In Utah, a police officer is currently being investigated after body-cam footage showed him roughing up and arresting a nurse last July.
The incident happened at the University of Utah hospital, where nurse Alex Wubbels refused Salt Lake City detective Jeff Payne’s request for an unconscious patient’s blood sample. According to constitutional law, as well as hospital policy, medical workers can only draw blood after getting a patient’s consent or after receiving a warrant (or probable cause) – the latter of which, Payne admittedly, did not have.
In the following video, the two can be seen talking when Payne suddenly gets aggressive and drags Wubbels out of the building. “Help! Help! Somebody help me! Stop! Stop! I did nothing wrong!” the nurse screams as she’s led into a police car.
The scene at the hospital was a result of an earlier incident involving a fiery collision between a semi-truck and a suspect being chased by the Utah Highway Patrol. Footage shows the suspect trying to flee from police when his car crashes into an oncoming semi.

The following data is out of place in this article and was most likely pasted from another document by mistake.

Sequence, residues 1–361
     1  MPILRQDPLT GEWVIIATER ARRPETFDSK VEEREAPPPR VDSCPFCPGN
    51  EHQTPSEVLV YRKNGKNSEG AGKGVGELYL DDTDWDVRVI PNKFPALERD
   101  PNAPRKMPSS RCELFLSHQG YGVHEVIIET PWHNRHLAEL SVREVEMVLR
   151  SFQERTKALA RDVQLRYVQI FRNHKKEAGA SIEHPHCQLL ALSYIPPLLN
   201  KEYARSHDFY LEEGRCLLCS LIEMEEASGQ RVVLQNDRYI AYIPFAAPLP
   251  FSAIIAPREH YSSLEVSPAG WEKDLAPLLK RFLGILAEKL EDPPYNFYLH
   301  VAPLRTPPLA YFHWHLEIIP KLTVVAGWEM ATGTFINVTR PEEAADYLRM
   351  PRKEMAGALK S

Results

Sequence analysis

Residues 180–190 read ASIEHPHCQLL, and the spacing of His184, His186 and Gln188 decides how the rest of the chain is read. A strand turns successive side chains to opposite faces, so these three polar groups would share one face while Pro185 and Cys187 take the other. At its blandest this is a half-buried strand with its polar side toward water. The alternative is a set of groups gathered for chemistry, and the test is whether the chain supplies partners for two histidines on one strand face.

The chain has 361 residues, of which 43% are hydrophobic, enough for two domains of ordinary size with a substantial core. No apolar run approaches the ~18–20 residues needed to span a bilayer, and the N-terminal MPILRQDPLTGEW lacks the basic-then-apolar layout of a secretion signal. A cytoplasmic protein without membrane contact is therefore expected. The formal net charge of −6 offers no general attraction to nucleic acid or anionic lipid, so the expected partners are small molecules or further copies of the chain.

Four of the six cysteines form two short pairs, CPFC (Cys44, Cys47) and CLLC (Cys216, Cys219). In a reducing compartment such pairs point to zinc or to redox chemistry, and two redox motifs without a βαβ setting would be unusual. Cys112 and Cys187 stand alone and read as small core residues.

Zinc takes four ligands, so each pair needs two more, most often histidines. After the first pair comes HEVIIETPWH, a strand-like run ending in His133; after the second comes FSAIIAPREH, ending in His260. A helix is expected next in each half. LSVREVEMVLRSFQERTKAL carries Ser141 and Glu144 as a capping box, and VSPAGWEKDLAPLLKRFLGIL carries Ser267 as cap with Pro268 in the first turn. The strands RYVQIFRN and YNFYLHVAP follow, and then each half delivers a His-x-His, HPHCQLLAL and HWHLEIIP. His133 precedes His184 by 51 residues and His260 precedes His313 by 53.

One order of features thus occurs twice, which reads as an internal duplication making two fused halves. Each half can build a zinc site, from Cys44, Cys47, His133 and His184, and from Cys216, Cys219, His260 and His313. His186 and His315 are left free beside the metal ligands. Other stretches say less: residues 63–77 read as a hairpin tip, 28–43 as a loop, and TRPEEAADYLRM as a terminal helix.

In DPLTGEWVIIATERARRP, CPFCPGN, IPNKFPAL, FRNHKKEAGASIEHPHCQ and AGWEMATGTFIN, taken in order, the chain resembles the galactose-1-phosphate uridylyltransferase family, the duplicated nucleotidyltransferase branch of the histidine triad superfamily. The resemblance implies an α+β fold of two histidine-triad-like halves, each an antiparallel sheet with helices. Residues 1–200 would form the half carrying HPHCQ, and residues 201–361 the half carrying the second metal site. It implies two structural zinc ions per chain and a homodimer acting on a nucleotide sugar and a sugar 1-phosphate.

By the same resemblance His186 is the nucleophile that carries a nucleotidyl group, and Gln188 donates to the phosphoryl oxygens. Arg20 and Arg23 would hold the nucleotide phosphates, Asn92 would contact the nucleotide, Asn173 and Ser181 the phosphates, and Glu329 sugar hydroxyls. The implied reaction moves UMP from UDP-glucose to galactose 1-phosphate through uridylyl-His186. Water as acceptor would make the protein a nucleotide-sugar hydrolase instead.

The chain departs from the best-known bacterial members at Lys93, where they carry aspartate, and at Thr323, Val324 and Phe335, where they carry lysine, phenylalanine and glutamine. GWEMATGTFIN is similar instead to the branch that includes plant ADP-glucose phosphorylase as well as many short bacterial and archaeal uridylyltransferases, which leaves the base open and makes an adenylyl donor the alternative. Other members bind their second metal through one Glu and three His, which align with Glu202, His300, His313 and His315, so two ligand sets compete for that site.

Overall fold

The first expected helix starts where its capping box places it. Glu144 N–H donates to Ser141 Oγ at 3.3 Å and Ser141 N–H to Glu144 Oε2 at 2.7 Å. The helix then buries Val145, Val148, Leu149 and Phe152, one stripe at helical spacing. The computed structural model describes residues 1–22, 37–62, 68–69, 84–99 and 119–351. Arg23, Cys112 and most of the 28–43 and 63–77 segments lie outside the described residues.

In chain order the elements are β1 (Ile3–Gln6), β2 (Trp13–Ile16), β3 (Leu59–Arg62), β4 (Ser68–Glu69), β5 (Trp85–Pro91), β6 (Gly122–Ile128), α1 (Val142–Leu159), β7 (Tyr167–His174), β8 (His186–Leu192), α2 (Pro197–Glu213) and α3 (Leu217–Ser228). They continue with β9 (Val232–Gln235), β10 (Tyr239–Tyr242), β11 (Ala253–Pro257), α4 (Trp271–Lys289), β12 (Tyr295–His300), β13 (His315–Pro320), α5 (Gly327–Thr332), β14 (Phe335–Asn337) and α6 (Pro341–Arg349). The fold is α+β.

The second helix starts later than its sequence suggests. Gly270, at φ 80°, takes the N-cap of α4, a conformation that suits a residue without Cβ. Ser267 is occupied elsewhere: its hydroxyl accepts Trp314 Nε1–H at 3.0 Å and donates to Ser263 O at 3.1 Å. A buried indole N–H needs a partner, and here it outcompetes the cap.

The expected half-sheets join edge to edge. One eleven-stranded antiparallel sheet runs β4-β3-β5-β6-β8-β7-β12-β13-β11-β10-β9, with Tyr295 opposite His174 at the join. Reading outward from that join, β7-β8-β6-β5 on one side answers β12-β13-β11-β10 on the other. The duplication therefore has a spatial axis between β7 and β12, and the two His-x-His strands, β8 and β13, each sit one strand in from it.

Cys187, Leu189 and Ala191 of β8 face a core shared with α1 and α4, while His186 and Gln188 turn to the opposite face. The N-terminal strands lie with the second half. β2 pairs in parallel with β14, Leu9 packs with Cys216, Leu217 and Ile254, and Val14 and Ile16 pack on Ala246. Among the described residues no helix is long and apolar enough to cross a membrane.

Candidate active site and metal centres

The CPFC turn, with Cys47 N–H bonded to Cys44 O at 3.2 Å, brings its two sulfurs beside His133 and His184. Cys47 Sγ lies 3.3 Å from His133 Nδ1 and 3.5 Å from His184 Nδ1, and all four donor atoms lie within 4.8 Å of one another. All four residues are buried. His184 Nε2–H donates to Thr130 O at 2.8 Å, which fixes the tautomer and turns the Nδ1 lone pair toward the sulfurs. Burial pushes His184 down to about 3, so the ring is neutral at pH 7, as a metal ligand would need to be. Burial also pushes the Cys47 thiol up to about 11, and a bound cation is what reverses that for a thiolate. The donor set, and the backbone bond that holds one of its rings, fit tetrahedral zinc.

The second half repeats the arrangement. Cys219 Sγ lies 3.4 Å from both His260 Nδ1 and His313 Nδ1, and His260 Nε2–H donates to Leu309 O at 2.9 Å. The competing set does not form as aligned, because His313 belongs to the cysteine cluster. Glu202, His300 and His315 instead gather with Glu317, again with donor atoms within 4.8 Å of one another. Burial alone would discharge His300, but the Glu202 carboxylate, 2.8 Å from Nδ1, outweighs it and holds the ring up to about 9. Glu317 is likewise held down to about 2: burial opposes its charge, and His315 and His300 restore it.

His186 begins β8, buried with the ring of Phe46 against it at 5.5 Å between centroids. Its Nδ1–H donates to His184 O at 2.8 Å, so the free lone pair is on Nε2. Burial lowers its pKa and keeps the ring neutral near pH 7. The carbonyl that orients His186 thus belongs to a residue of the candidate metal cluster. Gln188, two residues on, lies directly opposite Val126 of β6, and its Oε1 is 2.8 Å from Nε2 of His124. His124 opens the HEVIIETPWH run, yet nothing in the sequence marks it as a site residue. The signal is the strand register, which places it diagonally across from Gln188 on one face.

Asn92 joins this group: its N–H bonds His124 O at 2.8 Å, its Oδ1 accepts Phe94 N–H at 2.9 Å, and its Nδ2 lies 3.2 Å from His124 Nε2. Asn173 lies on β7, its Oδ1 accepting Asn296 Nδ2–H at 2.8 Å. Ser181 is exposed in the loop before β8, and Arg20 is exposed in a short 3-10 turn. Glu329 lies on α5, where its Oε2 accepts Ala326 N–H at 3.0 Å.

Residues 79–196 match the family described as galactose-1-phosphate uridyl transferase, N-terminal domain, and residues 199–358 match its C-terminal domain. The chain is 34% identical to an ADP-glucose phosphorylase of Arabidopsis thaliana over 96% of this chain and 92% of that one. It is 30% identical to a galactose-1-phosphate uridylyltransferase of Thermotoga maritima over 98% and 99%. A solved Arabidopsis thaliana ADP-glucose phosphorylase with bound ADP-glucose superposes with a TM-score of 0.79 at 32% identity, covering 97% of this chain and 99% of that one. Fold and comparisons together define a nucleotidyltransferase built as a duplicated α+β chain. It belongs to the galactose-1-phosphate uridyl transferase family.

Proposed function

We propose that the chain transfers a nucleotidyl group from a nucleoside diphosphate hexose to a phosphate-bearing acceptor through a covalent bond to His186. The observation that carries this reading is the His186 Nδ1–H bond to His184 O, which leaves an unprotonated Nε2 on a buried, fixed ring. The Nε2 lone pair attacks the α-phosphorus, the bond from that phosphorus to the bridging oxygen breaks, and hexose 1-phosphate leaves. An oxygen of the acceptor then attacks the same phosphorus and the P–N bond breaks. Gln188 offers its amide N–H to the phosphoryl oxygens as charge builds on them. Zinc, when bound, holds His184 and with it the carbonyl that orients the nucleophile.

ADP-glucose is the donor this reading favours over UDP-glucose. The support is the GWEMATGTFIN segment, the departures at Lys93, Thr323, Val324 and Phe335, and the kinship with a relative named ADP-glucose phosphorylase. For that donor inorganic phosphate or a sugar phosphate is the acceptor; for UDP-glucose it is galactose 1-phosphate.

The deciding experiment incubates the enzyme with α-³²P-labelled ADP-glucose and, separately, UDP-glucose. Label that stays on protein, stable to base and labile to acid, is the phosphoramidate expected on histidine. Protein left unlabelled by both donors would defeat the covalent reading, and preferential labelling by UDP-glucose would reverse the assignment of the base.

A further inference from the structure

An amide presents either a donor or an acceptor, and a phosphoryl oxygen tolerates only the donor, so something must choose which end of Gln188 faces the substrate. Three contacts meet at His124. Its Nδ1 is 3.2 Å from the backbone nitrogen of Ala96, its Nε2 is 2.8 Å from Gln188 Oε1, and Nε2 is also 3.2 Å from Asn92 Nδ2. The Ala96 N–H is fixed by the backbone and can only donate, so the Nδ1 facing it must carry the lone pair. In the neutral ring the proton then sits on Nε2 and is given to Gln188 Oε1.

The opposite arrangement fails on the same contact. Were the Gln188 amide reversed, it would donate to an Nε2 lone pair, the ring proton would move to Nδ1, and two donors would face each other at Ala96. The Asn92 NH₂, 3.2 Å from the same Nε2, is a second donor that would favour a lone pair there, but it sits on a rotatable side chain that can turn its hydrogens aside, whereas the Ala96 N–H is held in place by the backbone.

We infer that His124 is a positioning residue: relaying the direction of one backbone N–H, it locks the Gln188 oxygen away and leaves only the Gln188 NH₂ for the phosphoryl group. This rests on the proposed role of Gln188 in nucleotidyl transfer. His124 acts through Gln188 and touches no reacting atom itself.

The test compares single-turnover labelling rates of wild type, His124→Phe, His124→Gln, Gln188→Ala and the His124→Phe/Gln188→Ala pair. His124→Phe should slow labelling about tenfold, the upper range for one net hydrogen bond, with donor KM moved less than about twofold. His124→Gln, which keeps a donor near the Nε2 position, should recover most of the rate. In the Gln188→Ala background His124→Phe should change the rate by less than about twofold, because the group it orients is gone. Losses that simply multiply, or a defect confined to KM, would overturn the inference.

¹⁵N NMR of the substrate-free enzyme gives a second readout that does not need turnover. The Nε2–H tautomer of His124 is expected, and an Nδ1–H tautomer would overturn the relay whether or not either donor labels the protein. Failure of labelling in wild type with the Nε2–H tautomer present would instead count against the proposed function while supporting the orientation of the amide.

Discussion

The suspect died, while the driver of the truck was burned and badly injured. He was rushed to the hospital, where nurse Alex Wubbels was working.
According to the Washington Post, the blood test was supposed to exonerate the truck driver, who as it turns out is a reserve officer in Idaho.
The cops have also cited “exigent circumstances and implied consent law” to justify the warrantless blood test. However, reports say that the law was changed years ago.
The police department has already suspended Payne from its blood-draw program, although the officer is still on active duty. There’s now an internal investigation on the issue.
Wubbles has not yet pursued any legal action, but isn’t ruling it out in the future. “I think right now, I believe in the goodness of society. I want to see people do the right thing first and I want to see this be a civil discourse,” she said.
“And if that’s not something that’s going to happen and there is refusal to acknowledge the need for growth and the need for re-education, then we will likely be forced to take that type of step. But people need to know that this is out there.”
The incident is just one of many that have put law enforcers in a bad light. Just last month, a Georgia cop was heard telling a motorist at a traffic-stop that “we only shoot black people.”